Agency for Games, a consultancy firm headed by games blogger Leigh Alexander, “didn’t help sales one bit,” according to Tale of Tales, an independent video games company that recently announced its closure.
In a blog post that highlights the limited influence of both the gaming press and PR efforts led by politically-motivated provocateurs, the founders of the studio revealed that their latest title, Sunset, was a commercial failure despite considerable effort on the part of Alexander’s firm.
Sunset places you in the role of Angela Burnes, an African-American immigrant to a 1970s Latin American dictatorship. The player’s role is to perform various housekeeping tasks for the dictator while a civil war rages outside.
The progressive video game journalism establishment took a strong interest in the game, lavishing it with attention. It received adoring reviews in Kotaku, Edge, and even the Washington Post.
But in another sign of the dwindling credibility of games journalists and the PR firms who rely on them, gamers were not convinced. Only four thousand copies of Sunset were sold, and feedback from gamers who did buy the game was far less positive than that of journalists.
The divide between gamers and journalists can clearly be seen in the contrast between the reviews of professional critics and regular users on Metacritic, a review aggregator.
Even direct advertising on games sites did not help sales. “We even took out an advertisement on Rock, Paper, Shotgun, where we figured most people interested in Sunset would be gathered,” say the developers. “That had no effect whatsoever.”
The declining influence of the gaming press is something I’ve mentioned before. In April, the Entertainment Software Association released a study showing that only three per cent of gamers considered reviews in magazines and video game websites to be the most important factor in their purchasing decisions.
But it isn’t just the declining relevance of the gaming press that was the cause of Sunset’s failure. Based on the reviews that appeared in the gaming press, it’s clear that Leigh Alexander’s company made a point of emphasizing the game’s progressive, pro-diversity themes in order to win plaudits with politically inclined gaming sites like Kotaku and Polygon.
Based on her track record as Editor-in-Chief of the new, little-read but much-mocked gaming blog Offworld, Alexander has a crippling preoccupation with progressive causes. Indeed, the site was launched with an explicit focus on “videogame diversity.”
But it remains to be seen whether these messages can appeal to anyone outside a small clique of activists and journalists. Offworld is barely read by anyone outside the media circles Alexander hangs out in.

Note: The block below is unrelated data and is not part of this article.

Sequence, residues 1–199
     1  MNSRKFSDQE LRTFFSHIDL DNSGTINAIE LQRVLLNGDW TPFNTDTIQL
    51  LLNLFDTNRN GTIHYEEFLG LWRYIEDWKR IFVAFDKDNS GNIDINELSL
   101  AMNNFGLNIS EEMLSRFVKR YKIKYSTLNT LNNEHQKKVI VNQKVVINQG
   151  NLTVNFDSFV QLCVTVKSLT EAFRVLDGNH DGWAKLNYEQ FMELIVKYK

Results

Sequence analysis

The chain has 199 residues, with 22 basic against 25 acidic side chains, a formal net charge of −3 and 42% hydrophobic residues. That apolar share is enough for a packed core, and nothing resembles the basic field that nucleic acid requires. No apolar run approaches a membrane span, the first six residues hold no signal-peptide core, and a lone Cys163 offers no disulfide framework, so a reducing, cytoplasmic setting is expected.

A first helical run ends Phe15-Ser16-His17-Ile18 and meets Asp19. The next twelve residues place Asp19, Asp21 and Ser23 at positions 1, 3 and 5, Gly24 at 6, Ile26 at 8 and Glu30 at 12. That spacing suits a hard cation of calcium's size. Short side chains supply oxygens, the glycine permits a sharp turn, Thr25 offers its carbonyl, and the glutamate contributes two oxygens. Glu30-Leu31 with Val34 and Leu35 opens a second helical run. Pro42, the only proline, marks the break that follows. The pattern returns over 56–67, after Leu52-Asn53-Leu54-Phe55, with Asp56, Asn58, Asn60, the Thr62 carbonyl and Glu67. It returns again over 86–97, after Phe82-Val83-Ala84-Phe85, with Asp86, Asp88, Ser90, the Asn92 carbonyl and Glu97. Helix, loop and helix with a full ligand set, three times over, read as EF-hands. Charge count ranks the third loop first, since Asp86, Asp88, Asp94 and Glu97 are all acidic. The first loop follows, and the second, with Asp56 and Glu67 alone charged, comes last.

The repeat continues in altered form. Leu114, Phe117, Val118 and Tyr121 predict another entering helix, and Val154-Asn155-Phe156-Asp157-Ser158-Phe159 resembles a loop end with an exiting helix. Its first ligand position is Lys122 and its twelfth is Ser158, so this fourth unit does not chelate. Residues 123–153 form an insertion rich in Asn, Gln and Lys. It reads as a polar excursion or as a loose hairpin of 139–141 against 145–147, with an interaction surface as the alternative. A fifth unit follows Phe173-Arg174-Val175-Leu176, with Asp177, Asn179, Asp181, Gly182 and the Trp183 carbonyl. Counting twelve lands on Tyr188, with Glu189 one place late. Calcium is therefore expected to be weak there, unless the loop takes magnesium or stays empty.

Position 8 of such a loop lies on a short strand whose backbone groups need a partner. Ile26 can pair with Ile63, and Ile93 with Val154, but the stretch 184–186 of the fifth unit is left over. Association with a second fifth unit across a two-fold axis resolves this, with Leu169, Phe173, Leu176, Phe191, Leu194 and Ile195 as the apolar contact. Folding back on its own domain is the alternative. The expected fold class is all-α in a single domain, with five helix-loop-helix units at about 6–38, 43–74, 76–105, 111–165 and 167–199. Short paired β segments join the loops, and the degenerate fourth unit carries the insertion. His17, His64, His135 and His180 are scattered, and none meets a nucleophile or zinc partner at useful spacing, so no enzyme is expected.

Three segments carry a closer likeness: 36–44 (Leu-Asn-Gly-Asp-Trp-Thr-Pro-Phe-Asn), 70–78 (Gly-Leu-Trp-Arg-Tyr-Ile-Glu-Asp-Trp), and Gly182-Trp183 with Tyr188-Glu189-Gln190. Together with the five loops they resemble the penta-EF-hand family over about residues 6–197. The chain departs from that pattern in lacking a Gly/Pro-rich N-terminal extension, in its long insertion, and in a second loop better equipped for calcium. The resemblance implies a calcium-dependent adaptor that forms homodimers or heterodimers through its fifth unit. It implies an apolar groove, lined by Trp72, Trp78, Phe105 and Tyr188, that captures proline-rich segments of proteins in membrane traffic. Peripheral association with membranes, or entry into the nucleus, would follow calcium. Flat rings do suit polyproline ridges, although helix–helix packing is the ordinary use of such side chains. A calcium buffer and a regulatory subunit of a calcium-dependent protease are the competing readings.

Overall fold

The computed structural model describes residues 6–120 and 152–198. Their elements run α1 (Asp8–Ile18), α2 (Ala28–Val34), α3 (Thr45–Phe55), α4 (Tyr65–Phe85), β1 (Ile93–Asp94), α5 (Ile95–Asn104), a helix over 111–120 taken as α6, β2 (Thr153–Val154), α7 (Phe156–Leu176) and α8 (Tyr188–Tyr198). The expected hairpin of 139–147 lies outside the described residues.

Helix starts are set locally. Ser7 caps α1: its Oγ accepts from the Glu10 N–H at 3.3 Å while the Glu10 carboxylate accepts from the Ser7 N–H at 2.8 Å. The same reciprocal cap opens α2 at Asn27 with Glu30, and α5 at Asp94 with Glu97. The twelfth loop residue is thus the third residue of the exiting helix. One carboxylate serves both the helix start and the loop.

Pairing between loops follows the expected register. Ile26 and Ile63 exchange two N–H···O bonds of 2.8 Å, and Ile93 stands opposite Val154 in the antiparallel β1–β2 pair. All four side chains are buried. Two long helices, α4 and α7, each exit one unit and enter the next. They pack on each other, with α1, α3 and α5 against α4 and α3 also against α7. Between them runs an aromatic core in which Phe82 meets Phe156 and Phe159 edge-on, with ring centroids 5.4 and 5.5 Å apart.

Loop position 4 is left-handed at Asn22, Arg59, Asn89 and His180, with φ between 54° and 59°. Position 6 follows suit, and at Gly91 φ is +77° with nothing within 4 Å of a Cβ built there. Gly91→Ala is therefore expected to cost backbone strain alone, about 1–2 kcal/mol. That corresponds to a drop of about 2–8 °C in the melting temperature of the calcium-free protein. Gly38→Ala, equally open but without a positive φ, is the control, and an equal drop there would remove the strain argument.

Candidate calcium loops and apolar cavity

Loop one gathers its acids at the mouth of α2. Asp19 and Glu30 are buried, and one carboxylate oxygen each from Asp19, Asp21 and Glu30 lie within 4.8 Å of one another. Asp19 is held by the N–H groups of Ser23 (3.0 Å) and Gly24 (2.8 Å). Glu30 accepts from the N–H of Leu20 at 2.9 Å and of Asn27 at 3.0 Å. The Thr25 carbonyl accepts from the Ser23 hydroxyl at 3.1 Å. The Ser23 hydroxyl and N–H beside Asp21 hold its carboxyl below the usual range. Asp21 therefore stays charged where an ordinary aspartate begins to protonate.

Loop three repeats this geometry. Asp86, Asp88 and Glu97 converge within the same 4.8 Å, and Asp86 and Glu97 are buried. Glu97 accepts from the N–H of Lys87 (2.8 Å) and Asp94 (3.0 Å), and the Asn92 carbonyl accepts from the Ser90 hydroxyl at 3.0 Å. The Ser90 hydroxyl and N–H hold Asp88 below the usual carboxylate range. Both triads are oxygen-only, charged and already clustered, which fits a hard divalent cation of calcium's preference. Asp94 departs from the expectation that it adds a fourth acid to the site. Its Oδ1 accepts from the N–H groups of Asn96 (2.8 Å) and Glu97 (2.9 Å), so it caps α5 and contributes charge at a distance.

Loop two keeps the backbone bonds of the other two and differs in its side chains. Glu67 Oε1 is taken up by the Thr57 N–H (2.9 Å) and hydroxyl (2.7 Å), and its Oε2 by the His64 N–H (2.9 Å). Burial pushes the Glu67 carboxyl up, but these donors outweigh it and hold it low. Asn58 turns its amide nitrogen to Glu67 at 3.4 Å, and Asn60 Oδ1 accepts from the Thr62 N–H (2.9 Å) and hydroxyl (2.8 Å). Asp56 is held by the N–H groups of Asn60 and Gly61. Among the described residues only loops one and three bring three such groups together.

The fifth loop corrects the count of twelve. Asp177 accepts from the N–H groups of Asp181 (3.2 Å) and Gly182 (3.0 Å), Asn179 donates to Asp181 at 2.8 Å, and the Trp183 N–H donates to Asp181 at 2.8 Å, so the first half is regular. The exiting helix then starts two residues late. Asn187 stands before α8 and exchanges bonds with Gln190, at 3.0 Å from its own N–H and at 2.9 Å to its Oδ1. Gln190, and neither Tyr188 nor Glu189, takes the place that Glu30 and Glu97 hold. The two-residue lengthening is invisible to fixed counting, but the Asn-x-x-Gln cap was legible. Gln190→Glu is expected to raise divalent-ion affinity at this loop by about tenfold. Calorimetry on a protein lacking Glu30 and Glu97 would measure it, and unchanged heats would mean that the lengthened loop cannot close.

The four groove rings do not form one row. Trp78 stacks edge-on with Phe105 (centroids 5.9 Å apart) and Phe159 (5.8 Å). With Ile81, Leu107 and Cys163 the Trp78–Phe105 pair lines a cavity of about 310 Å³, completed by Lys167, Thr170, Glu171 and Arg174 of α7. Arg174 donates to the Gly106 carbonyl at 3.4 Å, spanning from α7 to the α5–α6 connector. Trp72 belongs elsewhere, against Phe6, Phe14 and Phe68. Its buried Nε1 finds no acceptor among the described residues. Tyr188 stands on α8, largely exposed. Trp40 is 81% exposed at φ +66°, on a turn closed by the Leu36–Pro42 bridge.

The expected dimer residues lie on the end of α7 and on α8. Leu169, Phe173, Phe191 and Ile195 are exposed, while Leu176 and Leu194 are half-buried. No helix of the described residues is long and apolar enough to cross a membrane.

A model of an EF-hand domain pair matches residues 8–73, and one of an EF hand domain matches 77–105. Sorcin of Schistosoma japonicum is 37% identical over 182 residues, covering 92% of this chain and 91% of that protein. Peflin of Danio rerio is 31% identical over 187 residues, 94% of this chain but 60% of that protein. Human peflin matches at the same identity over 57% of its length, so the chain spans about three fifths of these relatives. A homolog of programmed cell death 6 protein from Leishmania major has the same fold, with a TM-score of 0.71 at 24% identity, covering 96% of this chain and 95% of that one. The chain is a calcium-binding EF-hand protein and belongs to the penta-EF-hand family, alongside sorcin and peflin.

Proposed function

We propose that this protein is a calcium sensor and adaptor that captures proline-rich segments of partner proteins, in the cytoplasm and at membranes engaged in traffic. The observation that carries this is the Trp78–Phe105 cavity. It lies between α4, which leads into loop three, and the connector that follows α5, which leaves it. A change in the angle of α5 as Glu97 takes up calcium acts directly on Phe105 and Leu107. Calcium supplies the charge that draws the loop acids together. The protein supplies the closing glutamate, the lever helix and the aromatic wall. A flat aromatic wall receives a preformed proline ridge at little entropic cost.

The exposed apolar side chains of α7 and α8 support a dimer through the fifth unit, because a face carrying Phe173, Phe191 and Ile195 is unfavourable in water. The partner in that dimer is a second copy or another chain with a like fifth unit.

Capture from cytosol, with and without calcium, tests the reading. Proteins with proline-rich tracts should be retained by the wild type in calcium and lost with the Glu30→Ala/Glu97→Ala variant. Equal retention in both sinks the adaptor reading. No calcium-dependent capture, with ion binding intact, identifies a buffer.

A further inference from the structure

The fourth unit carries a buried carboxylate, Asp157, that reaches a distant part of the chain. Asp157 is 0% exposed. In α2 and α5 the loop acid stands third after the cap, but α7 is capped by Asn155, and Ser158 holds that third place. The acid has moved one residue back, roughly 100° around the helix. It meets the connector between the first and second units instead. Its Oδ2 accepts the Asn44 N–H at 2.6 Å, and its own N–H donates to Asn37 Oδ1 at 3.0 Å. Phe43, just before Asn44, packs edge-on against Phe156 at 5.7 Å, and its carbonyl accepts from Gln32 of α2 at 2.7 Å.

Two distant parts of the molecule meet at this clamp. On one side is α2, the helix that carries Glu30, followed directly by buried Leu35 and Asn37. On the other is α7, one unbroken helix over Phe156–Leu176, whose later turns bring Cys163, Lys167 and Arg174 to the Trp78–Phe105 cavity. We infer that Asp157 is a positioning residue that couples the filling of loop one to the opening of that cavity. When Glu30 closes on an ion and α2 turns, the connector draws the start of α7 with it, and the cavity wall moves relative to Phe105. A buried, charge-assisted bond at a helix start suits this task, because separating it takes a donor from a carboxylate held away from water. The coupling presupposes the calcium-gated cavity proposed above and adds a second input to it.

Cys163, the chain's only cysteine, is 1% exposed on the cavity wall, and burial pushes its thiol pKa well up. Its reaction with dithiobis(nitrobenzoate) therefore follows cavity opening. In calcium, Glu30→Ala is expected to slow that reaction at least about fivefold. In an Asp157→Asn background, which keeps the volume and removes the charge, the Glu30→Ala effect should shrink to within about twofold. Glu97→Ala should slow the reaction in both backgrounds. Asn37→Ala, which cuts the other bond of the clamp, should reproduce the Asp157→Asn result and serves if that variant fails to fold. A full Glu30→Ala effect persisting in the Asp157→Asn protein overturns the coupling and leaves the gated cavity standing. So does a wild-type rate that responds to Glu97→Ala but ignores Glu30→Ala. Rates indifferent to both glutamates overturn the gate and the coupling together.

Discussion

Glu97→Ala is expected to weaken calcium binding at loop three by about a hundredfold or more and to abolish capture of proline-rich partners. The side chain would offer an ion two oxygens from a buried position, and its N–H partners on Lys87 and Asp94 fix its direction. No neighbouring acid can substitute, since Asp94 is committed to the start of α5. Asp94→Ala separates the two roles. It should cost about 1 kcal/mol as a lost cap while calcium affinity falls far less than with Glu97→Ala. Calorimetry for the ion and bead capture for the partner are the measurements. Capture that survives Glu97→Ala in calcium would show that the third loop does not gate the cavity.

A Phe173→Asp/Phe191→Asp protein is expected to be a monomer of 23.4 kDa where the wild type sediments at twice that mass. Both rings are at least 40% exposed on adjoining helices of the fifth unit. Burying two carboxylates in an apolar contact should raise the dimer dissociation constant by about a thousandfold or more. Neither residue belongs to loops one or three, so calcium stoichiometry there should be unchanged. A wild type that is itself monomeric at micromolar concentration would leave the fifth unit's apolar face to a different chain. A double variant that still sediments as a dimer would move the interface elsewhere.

Another factor which may have impacted Sunset is Leigh Alexander’s own status as a figure of controversy within the games industry. It was an article by Alexander that kicked off the infamous “gamers are dead” narrative across the gaming press last August.
In her now-infamous article, Alexander described gamers as “wailing hyper-consumers” and “obtuse shitslingers” who shouldn’t be the “audience” of games developers. (Yes, you read that right.) Alexander is herself a shining beacon of virtuosity and objectivity, being simultaneously paid as a journalist and a public relations gun for hire.
(“Fuck ethics get money,” is Alexander’s own code of conduct, as she once explained on Facebook.)
The ugly opinions in Alexander’s toxic column were echoed by no less than 16 other gaming outlets, sparking a massive, year-long backlash against the gaming press known as GamerGate. For a small studio like Tale of Tales, being associated with such a divisive figure can’t have been helpful, to put it mildly.
Even journalists sympathetic to Alexander’s radical politics admit she has become too hot to handle, and not in the good way. Sacked from her troublemaking perch at Gamasutra, Alexander now languishes at a new blog funded by the uber-lefties at Boing Boing.
My spies tell me she is to be found howling into the wind at an ever-more tightly constricted and homogenous audience.
Of course, there are alternate explanations for Sunset’s failure. In their blog post, the developers of Sunset made the point that funding for “artistic” and experimental games is drying up. This may be an indication that the industry does not consider solely narrative-driven games, which reduce the agency of the player and often push heavy-handed political agendas, to be profitable.
But this is incorrect. The phenomenal success of The Vanishing of Ethan Carter, a narrative-driven title that recently won the BAFTA for best game innovation, shows that there is a market for games that don’t follow the Call of Duty formula of guns and explosions. Released in September 2014, the game has sold more than 300,000 copies.
The Vanishing of Ethan Carter was not marketed on the basis of its political themes, but on the basis of its compelling story. Gamers were not promised diversity quotas and progressive messages, but instead a masterpiece of storytelling. And that’s what they got.
The failure of Sunset and the subsequent closure of its studio is a cautionary tale. Not because there is no market for artistic, narrative-driven games, but because even a compelling and original concept can be killed by tunnel vision and blind adherence to wacky politics that no one outside the media establishment shares.
So, a few words of warning for budding games studios. Drop the daft politics. Market to the masses. And, whatever you do, don’t hire Leigh Alexander.